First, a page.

DIY Peristaltic Pump Keeps the Booze Flowing

A few months ago we showed you a bar bot built by [GreatScott] that uses peristaltic pumps to food-safely move the various spirits and mixers around behind the curtain. The bar bot uses three of them, and at $30 each for pumps with decent flow rate, they added a lot to the parts bill. These pumps are pretty much the ideal choice for a bar bot, so what do you do? [GreatScott] decided to see if it was worth it to make them instead.

Peristaltic pumps are simple devices that pump liquids without touching them. A motor turns a set of rollers that push a flexible tube against a wall. As the motor turns, the rollers move liquid through the tube by squeezing it flat from the outside in turns. Typically, the more you pay for an off-the-shelf peristaltic, the higher the flow rate.

[GreatScott] figured it was cheaper to buy the motor and the control circuitry. He chose a NEMA-17 for their reputation and ubiquity and a DRV8825 controller to go with it. The pump is driven by an Arduino Nano and a pot controls the RPM. After trying to design the mechanical assembly from scratch, he found [Ralf]’s pump model on Thingiverse and modified it to fit a NEMA-17.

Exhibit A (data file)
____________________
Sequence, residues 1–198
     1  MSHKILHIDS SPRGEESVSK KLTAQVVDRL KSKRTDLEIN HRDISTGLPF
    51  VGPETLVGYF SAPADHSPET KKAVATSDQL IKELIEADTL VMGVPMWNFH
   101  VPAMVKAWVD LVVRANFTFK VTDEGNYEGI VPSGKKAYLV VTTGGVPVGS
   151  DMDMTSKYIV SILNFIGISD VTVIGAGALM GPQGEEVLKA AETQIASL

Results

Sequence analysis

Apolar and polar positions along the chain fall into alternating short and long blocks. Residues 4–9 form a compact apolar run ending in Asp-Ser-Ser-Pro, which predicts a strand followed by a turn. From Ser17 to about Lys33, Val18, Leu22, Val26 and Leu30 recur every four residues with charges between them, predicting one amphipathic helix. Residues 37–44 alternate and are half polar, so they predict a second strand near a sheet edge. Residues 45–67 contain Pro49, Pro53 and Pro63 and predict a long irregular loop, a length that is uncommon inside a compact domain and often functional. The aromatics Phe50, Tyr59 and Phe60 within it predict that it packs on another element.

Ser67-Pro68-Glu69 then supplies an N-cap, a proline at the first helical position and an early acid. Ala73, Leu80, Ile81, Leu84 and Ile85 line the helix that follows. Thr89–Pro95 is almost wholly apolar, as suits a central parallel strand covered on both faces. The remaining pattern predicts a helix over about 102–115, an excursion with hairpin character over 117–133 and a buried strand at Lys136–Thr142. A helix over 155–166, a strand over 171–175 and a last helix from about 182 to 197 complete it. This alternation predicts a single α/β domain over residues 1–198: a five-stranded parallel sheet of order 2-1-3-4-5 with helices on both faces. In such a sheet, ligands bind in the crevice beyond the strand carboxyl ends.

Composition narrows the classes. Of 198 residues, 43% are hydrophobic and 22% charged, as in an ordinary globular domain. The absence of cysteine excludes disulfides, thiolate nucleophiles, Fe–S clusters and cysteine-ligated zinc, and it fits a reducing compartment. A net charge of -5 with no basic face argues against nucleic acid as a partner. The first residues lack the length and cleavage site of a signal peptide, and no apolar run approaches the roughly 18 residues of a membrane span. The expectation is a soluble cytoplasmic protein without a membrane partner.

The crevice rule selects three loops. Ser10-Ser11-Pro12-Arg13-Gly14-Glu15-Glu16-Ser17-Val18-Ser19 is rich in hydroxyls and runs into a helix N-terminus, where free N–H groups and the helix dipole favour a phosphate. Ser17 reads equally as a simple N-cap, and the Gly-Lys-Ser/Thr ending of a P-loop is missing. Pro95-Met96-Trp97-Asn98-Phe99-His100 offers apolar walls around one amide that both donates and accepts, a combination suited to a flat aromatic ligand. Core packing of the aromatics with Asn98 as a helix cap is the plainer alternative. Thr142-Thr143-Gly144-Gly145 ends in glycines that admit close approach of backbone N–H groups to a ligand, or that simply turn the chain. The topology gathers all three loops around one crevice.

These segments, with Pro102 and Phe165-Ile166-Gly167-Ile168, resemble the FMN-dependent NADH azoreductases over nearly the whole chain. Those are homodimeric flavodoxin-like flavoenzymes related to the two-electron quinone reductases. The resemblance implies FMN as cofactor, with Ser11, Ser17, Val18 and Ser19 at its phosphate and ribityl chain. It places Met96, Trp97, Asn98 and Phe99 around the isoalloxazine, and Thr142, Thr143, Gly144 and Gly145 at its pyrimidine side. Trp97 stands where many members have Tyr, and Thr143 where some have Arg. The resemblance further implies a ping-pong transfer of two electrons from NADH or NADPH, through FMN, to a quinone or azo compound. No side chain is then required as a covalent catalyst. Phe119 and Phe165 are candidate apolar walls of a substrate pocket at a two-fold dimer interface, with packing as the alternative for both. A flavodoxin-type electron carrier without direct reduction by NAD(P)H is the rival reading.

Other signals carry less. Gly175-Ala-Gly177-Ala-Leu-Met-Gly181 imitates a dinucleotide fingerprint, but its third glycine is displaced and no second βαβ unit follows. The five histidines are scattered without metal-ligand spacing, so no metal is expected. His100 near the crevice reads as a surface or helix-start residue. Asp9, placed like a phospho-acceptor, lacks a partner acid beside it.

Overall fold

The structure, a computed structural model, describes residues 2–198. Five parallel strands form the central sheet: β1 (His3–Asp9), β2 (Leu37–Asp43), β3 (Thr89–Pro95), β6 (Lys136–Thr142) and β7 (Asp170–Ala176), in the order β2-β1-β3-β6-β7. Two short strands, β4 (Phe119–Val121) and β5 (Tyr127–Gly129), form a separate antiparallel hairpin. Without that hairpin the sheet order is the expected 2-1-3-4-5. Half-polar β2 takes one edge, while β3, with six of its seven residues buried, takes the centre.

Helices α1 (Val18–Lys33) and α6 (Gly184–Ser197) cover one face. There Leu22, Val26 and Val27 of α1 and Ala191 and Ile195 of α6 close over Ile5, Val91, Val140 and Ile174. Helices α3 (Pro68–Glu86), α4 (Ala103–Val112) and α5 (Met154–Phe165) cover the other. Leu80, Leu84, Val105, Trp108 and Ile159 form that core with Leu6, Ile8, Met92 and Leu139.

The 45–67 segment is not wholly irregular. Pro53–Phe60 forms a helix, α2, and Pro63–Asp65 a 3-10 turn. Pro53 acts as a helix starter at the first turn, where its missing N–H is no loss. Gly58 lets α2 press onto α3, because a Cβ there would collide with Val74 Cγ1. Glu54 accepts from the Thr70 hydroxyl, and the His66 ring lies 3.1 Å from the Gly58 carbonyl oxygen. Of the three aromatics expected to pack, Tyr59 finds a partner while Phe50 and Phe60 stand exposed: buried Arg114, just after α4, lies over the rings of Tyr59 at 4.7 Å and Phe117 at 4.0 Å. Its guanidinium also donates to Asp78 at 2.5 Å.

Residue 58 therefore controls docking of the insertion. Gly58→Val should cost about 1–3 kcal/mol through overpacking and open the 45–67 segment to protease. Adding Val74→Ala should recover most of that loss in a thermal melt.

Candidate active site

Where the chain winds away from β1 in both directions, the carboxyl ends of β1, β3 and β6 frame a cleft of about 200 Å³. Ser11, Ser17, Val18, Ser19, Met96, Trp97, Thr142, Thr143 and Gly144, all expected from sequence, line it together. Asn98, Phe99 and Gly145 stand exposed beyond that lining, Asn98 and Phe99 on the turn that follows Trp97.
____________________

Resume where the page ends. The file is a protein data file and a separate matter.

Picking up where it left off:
The verdict? DIY all the way, assuming you can print the parts. [GreatScott] was trying to beat the purchased pumps’ flow rate of 100mL/minute and ended up with 200mL/minute from his DIY pump. Squeeze past the break for the build video and demonstration.

Is there a bar bot build on your list? No? Is it because you’re more of a single-malt scotch guy? Build a peristaltic pachyderm to pour your potion.

29 thoughts on “DIY Peristaltic Pump Keeps the Booze Flowing

  1. Why we do DIY activities? To make somethings easy and to boost our knowledge. This is a Good DIY activity. Getting involved in the creation of DIY activity is what the creator in my opinion called DIY scientist because lots of thinking require to create new DIY activities.

  2. In less words:
    the pump used in the previous project, the $30 one has a flow rate of 525mL/minute;
    his DIY 15$ pump has a flow rate of 200mL/minute;
    the 10$s pumps are up to 90mL/minute (at 24v while both of the above are 12v).

  3. Props for using ball bearings! But why the expensive stepper? Is that really cheaper than buying a 30 $ pump?
    $13 stepper, $2 plastics, $2 tubing, $2 bearings is already in the range of 20 bucks. Not sure whether that’s worth it…

    1. You need the tubing anyway. There’s no way that’s ~150 grams of plastic for those parts even at 60 percent infill. Steppers are $10 on amazon, probably less on ebay.

      Even if we use your numbers – after just one failure, you’re ahead, because you can rebuild yours. And stepper motors are far more reliable than brushed DC motors.

      What’s a shame is that they didn’t figure out why their design didn’t pump as much as the commercial product. In theory they should be capable of performing the same…and their design should work better since they’re using full-on bearings.